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Am Fam Physician. 2003;68(3):405

Family physicians provided nearly 20 percent of labor and delivery care in Maine in the year 2000. A substantial proportion of this care was provided to women insured by Medicaid and those delivering in smaller, rural hospitals and residency-affiliated hospitals. As family medicine explores its future scope, research identifying regional variations in the maternity care workforce may clarify the need for maternity care training in residency and labor and delivery services in practice.

Development of a sustainable maternity care model and clarification of the role of family medicine within that model requires examination of current practices. The 2000 Health-care Cost and Utilization Project (HCUP) data for Maine identify the specialty of physicians attending all hospital births, revealing how often family physicians provide this care. There were a total of 13,047 deliveries (10,089 vaginal and 2,958 cesarean) in Maine in 2000. Five hundred and one family physicians (FPs) and 125 obstetricians (OBs) were practicing in the state of Maine, and FPs attended 19 percent of total deliveries and 23 percent of vaginal deliveries. In Maine, FPs attended 26 percent of deliveries covered by Medicaid and 15 percent of deliveries covered by private insurance. As a consequence, FPs provided a significantly greater proportion of their labor and delivery services for women insured by Medicaid compared with OBs (44 versus 29 percent, P <.001).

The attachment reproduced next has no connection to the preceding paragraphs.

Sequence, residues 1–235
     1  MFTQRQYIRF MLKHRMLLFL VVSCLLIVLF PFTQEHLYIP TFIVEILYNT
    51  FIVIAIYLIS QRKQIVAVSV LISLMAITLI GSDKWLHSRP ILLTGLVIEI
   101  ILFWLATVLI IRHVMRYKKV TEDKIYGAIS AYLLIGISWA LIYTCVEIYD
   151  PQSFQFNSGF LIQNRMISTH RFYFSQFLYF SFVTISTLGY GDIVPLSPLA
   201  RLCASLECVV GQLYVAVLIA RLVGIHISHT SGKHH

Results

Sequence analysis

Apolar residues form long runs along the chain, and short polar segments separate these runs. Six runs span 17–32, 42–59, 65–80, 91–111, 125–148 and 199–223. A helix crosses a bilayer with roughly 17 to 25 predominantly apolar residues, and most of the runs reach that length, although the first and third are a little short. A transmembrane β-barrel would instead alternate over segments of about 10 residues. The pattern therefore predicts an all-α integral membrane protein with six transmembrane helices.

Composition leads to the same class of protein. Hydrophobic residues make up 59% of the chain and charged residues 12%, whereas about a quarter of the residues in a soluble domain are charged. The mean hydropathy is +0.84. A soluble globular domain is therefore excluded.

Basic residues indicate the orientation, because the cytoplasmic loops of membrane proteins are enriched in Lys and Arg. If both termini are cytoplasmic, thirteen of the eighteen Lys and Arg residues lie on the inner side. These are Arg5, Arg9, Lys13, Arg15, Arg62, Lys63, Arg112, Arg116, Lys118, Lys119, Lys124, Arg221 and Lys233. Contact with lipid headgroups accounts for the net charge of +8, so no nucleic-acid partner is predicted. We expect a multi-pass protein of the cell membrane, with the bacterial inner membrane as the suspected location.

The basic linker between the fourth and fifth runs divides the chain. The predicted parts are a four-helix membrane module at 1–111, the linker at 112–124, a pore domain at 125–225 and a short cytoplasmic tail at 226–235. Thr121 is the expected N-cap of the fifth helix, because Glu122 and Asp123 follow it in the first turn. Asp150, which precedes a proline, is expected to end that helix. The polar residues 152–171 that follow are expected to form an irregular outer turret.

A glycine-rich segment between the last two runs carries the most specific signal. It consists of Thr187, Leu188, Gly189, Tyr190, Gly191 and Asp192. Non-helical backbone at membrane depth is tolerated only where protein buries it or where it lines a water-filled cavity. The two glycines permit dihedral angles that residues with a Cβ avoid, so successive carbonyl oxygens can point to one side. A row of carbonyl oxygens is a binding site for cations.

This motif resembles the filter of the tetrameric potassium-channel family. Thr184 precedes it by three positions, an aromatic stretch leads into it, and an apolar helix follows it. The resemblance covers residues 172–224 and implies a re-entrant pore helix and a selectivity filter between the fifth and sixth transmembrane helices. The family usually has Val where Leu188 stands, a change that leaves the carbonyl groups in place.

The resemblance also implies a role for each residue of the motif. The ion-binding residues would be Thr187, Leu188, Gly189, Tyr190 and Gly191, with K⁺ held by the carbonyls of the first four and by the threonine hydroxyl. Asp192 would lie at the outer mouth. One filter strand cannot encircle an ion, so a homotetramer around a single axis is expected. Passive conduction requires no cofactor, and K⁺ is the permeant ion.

FPs made their greatest contribution to delivery care in hospitals in more rural counties. In completely rural counties or those with fewer than 2,500 people, FPs provided 37 percent of delivery services and, in metropolitan counties, FPs provided 16 percent of delivery services. FPs attended 16 percent of total deliveries in larger hospitals (more than 60 beds), compared with 35 percent of total deliveries in smaller hospitals (fewer than 60 beds). In the four FP residency-affiliated hospitals, which constitute Maine's largest in number of beds, FPs attended 906 deliveries, representing 35 percent of their total deliveries in the state.

FPs provided a substantial amount of labor and delivery care in Maine in the year 2000. Similar analyses performed in other states will further define regional variations in FPs' practice of maternity care. Decisions that limit the provision of labor and delivery care by family physicians may impact access to services available to women, especially those who are publicly insured and delivering in smaller, rural hospitals.

OB contribution (%)FP contribution (%)Total
Total deliveries*10,149 (78)2,571 (20)13,047
Vaginal deliveries*7,479 (74)2,338 (23)10,089
Cesarean deliveries*2,834 (96)68 (2)2,958
Insurance (cases per specialty)*†10,1122,55412,992
Private6,731 (82)1,303 (16)8,187
Medicaid2,945 (70)1,126 (27)4,228
Self-pay98 (52)75 (40)187
Distribution of deliveries by hospital size*
Hospital >60 beds (n = 15)8,523 (84)1,586 (16)10,149
Hospital <60 beds (n = 16)1,626 (59)969 (35)2,761
Hospital location
Metropolitan statistical areas4,530 (84)845 (16)5,375
Nonmetropolitan statistical areas5,465 (76)1,702 (24)7,167

The information and opinions contained in research from the Graham Center do not necessarily reflect the views or the policy of the AAFP.

This series is coordinated by Kenny Lin, MD, MPH, deputy editor.

A collection of Graham Center Policy One-Pagers published in AFP is available at https://www.aafp.org/afp/graham. One-Pagers are also available at https://www.graham-center.org.

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